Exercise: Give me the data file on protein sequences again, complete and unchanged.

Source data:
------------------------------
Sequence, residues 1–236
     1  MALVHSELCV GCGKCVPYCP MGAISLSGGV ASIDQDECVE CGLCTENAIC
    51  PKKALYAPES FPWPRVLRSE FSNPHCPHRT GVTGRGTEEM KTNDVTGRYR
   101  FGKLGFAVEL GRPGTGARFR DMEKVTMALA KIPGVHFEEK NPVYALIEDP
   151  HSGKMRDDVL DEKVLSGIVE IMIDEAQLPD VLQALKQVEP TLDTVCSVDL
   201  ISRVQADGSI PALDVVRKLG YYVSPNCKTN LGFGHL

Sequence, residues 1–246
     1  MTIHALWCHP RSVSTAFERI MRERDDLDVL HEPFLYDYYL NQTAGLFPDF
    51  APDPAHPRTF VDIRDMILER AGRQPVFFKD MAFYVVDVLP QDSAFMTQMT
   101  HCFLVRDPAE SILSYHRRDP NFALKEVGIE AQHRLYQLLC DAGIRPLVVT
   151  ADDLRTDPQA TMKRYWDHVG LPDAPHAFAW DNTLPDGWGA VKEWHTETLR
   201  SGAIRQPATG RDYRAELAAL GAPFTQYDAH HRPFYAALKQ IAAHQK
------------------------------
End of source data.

Sequence, residues 1–236
     1  MALVHSELCV GCGKCVPYCP MGAISLSGGV ASIDQDECVE CGLCTENAIC
    51  PKKALYAPES FPWPRVLRSE FSNPHCPHRT GVTGRGTEEM KTNDVTGRYR
   101  FGKLGFAVEL GRPGTGARFR DMEKVTMALA KIPGVHFEEK NPVYALIEDP
   151  HSGKMRDDVL DEKVLSGIVE IMIDEAQLPD VLQALKQVEP TLDTVCSVDL
   201  ISRVQADGSI PALDVVRKLG YYVSPNCKTN LGFGHL

Sequence, residues 1–246
     1  MTIHALWCHP RSVSTAFERI MRERDDLDVL HEPFLYDYYL NQTAGLFPDF
    51  APDPAHPRTF VDIRDMILER AGRQPVFFKD MAFYVVDVLP QDSAFMTQMT
   101  HCFLVRDPAE SILSYHRRDP NFALKEVGIE AQHRLYQLLC DAGIRPLVVT
   151  ADDLRTDPQA TMKRYWDHVG LPDAPHAFAW DNTLPDGWGA VKEWHTETLR
   201  SGAIRQPATG RDYRAELAAL GAPFTQYDAH HRPFYAALKQ IAAHQK